Homeless in America?

Psychologically, homelessness provides many of us with a constant unwanted reminder that our childhood homes were often a place of pain and emptiness instead of comfort and love. Many of us grew up, in truth, psychologically homeless despite the physically comfortable buildings in which we might have resided. When we finally are ready to face and let go that old childhood pain (of being psychologically homeless), then we will be more effective in solving the homeless problem we see “out there” today.

One popular view has it that the homeless problem is caused by a lack of jobs. I don’t agree. I think that it is our fears that make us so ineffective in dealing with the homeless, our fears that we might wind up homeless too if we lose our jobs. It is a major role of government to ease fears of citizens. So far, governmental bodies, private agencies and the citizenry have been squabbling ineffectively without making any changes that would remove citizens’ fears of homelessness. Such inaction keeps our fears alive and the homeless problem unsolved.

The homeless problem is aided and abetted by those of us with apartments or homes. The inhumanity of not providing shelter for our citizens is obvious. Why do we put up with it? It is essential that this shelter provides three things: warmth, dryness and safety. Yet we are squabbling over down-the-road items such as whether drugs/ alcohol, joblessness, or failed families are the root cause. The root cause is not relevant for people who presently are cold, wet and in danger of being mugged. We must provide the opportunity for shelter first. Solutions are not that difficult, but they involve allowing housing in NIMBY (Not In My Back Yard) locations, and small rooms that don’t meet minimum size requirements of local building codes.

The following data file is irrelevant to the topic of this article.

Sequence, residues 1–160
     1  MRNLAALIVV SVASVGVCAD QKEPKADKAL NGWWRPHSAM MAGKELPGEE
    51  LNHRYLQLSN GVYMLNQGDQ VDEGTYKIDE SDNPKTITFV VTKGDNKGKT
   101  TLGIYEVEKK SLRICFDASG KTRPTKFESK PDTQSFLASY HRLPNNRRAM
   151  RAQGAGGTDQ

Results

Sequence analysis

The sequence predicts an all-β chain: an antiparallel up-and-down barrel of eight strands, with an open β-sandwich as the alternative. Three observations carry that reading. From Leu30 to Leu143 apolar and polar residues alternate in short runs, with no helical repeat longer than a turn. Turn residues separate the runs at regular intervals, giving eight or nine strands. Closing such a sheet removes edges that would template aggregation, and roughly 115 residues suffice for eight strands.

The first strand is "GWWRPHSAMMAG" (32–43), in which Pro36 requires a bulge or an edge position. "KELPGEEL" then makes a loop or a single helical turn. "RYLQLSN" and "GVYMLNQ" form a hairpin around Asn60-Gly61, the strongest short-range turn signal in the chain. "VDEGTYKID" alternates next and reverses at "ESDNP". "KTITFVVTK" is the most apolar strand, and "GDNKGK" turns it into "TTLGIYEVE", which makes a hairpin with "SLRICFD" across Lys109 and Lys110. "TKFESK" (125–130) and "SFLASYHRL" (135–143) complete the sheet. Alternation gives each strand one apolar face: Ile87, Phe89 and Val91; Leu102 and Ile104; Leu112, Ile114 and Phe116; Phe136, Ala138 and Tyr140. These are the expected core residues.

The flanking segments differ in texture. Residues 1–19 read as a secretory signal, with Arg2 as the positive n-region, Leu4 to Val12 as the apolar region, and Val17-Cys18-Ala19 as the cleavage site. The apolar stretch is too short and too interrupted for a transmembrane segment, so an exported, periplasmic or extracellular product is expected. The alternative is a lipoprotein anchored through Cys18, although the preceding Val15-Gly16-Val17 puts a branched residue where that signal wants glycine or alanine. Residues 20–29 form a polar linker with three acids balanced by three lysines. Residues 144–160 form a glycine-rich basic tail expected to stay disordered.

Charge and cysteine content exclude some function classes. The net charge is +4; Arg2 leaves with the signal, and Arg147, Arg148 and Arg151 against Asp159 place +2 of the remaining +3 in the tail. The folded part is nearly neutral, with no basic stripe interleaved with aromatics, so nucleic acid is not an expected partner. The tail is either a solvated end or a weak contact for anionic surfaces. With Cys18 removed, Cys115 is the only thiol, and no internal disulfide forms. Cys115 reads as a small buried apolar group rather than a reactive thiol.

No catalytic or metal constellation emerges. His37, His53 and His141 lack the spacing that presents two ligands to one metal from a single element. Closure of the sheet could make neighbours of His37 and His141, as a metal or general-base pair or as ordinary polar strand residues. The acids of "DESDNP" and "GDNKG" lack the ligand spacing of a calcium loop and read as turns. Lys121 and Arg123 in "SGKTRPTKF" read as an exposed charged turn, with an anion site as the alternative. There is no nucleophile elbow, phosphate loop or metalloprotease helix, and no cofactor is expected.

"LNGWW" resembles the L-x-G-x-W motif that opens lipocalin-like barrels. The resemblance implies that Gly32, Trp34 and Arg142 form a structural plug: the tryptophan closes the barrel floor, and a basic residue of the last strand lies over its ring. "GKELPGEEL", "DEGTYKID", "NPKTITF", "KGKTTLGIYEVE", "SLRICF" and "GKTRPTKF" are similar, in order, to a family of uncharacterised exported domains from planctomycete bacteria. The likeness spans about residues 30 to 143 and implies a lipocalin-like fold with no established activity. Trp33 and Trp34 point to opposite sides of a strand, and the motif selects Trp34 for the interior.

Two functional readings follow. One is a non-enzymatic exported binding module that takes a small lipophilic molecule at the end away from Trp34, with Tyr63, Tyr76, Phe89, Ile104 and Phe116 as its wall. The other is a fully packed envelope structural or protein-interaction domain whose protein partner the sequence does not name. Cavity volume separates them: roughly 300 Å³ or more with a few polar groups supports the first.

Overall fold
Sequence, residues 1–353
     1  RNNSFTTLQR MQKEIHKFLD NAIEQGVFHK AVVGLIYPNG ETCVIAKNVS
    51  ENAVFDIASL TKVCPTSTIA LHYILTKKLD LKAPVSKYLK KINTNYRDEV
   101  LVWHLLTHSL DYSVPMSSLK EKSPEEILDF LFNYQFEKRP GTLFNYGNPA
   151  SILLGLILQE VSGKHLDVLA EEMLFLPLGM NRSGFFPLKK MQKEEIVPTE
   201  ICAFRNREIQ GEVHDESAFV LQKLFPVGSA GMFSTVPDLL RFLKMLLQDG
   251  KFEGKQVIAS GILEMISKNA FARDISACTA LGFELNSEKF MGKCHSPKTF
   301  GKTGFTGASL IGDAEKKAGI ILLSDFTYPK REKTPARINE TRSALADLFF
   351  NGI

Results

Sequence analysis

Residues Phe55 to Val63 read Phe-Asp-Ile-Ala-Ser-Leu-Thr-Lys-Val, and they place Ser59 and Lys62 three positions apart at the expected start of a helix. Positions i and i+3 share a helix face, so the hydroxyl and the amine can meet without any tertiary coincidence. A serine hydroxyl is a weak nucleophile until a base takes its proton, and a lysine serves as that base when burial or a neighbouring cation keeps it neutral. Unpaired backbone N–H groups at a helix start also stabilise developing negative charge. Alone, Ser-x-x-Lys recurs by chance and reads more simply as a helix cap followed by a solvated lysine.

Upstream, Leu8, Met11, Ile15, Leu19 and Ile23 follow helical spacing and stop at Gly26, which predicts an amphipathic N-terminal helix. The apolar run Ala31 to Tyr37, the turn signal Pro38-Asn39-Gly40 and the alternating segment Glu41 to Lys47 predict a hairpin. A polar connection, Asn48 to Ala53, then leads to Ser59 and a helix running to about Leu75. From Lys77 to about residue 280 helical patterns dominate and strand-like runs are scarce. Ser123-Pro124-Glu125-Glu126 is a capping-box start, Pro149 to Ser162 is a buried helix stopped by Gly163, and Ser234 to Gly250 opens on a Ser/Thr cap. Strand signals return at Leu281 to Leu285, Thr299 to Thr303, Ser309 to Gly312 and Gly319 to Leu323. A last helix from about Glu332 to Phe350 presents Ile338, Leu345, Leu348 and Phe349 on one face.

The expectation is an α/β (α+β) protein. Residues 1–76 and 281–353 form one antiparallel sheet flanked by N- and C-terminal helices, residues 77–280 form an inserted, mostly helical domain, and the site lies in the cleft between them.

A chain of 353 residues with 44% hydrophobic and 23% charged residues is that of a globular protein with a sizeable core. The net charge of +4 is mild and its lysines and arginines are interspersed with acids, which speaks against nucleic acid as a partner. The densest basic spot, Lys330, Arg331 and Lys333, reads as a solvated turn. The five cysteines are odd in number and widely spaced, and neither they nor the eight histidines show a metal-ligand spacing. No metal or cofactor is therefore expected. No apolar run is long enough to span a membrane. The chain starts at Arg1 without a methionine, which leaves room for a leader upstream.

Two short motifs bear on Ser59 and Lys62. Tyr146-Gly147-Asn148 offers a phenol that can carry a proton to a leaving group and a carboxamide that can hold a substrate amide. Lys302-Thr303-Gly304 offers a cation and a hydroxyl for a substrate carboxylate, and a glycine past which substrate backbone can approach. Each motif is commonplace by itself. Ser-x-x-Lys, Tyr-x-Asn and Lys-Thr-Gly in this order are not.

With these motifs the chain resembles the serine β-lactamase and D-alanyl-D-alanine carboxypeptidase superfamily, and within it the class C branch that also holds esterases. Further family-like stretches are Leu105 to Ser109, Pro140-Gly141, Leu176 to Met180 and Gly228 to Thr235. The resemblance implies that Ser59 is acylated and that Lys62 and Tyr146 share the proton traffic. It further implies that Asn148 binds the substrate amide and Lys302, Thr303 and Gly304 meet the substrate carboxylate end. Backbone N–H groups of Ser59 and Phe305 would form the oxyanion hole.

Our society traditionally had shacks on the edge of town. With our building codes we have eliminated most of these shacks and placed their occupants on the streets. We cannot afford to solve all their problems or to provide spacious housing. Two-way construction is one solution, providing the homeless with small rooms that could be converted back and forth between use as housing and use as storage during times of less homelessness. Many homeless people rent storage spaces today. We can afford to provide small, warm, dry, and safe housing for every person who wants it. If we did, this would enable perhaps 40% of today’s homeless to solve their other problems themselves at no further cost to society. It is up to us to tell the homeless advocates, our NIMBY neighbors, the building code legislators, and the idealists who want each homeless person in a spacious apartment, “Quit bickering and solve the problem effectively, humanely. Start doing it now.”

The possibility of homelessness is leading many of us to (1)unhappy compromises of integrity concerning work, (2)lying and cheating behavior and (3)a wealth of fear. All three of these contribute strongly to the climate of violence, not just out there in the streets but in our homes as we teach our children to be fearful and unethical.


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